Gabriel J. Shuldiner dislikes categorization of his work to the point that he invents new “isms” to describe its allusive hybridity – its DNA can be traced to abstraction with elements of minimalism, expressionism, and Arte Povera. While Shuldiner’s use of material is extensive , his use of color is restricted to mostly black, with tinges of other colors at times. Gabriel J. Shuldiner shares with Art Spiel some of his thought and work processes.
AS: It seems to me that you like shifting boundaries. Not only the lines between painting and sculpture, but also between process and object. What is your take on that?
Gabriel J. Shuldiner: I don’t like categorization. I find it limiting. Ironically, to not-categorize something is still a bit of a categorization, at least by definition. I’ve always been interested in words, wordplay, definitions, and meanings so it’s only natural that the work I make seems to flow within and between preconceived boundaries. It’s not something I intentionally set out to investigate; the work comes from some inner place I can’t describe. Where the work comes from is independent to its explanation – the shifts in the work, from painting to sculpture, process and object occur naturally.
In attempting to explain my work, I found it easier to simply create new words instead of trying to make my work fit what already seemed to exist, like “bruteminimalism”, which describes itself. There were aspects of minimalism, elements of abstraction and parts of conceptualism I resonated with, and some parts I disagreed with. Over time, I found myself incorporating those aspects I liked most and eventually found my own artistic voice.
AS: Yet, in Artnet you are introduced as a “painter.” Thoughts on that?
Gabriel J. Shuldiner: Yes. I am a painter who creates what I consider “hybridsculptural” paintings vs. a sculptor who creates paint-like sculptures. It’s more than just semantics to me. I absolutely consider myself a painter. The history of painting, of paint, of what a painting is, of what a painting can be. It’s my heritage. It’s what I’ve always responded to the most. I do question what ‘paint’ is in my work. I use construction materials and glues in the same manner as paint, and I use paint as a construction material, as an adhesive. I’m interested in paint and paint technology, using 21st century materials merged with timeless elements of carbon black pigment, charcoals and graphites; blurring the lines between form and function. I am drawn to painting’s history, its present and its future. I find it fascinating that people have been saying “painting is dead” for hundreds of years. You just can’t kill it. I love that.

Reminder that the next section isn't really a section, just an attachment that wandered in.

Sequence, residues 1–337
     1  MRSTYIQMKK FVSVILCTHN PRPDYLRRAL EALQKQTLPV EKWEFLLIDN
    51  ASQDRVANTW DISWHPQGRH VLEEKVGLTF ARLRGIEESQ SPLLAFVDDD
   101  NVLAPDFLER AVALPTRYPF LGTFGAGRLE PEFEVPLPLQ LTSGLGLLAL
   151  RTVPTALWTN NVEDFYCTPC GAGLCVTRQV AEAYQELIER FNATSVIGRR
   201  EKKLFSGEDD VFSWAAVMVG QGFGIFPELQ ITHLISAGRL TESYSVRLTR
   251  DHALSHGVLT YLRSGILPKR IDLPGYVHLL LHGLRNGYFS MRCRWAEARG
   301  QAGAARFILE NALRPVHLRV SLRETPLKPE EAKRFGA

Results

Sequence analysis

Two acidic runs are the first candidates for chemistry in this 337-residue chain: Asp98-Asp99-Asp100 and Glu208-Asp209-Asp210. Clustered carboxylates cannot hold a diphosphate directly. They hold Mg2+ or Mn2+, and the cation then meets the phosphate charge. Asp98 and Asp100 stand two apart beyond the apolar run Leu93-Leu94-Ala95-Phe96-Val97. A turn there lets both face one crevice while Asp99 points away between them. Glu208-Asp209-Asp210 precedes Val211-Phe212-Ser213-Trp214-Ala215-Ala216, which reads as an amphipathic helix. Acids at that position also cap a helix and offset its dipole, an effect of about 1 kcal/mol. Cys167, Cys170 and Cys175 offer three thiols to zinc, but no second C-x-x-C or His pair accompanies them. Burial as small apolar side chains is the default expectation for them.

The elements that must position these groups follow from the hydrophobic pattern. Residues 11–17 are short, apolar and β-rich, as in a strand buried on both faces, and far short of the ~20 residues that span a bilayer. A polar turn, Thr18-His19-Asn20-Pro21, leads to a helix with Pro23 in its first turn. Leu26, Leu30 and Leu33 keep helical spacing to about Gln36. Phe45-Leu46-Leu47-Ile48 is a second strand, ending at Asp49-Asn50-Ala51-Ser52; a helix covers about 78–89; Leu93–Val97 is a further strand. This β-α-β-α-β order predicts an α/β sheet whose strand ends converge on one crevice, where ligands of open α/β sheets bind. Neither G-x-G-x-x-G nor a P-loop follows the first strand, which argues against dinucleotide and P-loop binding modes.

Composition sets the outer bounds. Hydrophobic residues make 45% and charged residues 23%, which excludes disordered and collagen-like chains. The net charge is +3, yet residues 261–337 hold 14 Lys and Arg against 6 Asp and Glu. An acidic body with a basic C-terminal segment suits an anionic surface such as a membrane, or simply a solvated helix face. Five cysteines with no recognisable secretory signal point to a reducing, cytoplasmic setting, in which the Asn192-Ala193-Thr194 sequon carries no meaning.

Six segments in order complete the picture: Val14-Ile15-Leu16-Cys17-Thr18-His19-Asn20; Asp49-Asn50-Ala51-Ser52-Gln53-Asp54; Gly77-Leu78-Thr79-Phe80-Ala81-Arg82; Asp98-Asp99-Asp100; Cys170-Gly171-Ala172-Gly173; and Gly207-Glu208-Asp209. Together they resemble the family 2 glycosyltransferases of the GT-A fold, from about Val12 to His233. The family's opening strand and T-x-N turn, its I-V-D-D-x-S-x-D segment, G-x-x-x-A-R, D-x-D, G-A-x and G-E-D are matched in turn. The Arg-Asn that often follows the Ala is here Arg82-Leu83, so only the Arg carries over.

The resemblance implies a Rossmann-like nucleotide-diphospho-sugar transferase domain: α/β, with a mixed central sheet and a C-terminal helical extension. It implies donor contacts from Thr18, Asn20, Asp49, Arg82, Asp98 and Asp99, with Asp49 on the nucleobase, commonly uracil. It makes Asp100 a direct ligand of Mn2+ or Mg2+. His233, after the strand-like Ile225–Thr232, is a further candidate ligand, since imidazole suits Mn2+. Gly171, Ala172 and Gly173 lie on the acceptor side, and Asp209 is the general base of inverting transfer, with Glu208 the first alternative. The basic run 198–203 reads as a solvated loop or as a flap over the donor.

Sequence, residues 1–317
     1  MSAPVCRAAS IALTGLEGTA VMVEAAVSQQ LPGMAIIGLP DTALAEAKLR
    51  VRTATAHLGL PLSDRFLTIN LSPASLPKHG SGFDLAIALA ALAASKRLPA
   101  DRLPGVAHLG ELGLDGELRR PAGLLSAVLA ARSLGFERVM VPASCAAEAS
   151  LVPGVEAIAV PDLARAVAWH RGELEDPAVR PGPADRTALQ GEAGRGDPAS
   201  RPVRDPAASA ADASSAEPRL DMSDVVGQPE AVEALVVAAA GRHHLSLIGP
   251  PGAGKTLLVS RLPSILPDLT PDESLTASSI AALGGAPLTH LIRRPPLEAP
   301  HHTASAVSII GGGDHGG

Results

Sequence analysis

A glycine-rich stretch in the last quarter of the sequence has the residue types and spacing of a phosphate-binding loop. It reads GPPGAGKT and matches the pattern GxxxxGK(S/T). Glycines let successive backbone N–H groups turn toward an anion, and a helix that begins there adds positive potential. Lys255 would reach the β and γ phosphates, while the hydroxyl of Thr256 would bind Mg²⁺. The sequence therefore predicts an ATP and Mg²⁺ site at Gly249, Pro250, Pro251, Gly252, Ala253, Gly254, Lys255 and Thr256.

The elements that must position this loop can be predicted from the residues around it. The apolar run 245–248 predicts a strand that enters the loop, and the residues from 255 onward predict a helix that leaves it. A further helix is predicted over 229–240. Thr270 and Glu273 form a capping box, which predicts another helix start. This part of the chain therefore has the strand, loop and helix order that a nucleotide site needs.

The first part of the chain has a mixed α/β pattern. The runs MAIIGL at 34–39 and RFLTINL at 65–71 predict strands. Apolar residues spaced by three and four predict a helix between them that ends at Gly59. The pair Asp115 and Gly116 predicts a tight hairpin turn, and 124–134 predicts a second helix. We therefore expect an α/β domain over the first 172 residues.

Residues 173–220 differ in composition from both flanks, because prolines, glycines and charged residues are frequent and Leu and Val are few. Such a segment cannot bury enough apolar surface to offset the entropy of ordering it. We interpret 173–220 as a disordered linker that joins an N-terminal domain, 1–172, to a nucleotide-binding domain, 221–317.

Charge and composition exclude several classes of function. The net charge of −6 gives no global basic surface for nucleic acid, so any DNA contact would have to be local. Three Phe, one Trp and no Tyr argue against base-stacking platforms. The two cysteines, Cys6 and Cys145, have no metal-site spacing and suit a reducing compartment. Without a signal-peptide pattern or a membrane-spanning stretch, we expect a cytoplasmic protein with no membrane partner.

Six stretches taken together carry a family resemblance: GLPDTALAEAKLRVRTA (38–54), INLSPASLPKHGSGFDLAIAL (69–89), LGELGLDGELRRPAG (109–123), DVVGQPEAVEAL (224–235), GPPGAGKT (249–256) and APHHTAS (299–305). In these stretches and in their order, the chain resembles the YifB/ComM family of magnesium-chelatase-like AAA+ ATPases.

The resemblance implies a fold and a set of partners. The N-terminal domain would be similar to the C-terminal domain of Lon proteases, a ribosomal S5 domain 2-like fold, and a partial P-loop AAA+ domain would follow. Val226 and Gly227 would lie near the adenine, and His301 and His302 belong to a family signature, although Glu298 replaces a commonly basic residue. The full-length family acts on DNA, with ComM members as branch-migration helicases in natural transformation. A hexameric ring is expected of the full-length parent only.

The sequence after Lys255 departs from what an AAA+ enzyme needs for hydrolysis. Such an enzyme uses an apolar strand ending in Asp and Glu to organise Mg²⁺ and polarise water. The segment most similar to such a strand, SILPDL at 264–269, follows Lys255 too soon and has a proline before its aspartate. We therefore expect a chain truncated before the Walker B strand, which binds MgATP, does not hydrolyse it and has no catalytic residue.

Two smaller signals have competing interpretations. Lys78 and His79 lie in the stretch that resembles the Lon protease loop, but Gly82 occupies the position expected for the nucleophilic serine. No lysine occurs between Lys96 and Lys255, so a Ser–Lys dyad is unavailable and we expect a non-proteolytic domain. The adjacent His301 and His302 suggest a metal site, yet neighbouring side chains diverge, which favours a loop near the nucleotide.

AS: Under “Text” on your web you address what “Black” means to you in 4 quite untraditional statements, perhaps somewhere between poetry and listing. In the first one you say that Black for you is “an undefined signifier, multi-coded metaphor and paradoxical Koan of [Absolute] nothingness.” Can you elaborate on these aspects and how they play a role in your work?
Gabriel J. Shuldiner: I tried to see if I could come up with a self-contained, bizarre but accurate one sentence “pitch” for my work; as if I only had only one sentence and 30 seconds to explain what it was all about. One that would both explain and confuse, mirroring the cryptic disparate elements typically assigned to the color black. On the one hand I wanted to attempt to explain where I was coming from, on the other hand, I wanted to deliberately confuse. I was frustrated with the necessity to explain my visual art; it should be looked at. It should move the viewer in some manner. It should be a personal, private, communal experience, devoid of explanations. Each work being an existential void, merging my interests in science and eastern philosophy, among other things. But people want explanations. I’ve had people tell me they were more confused by my work after reading my words about it. I kind of like that.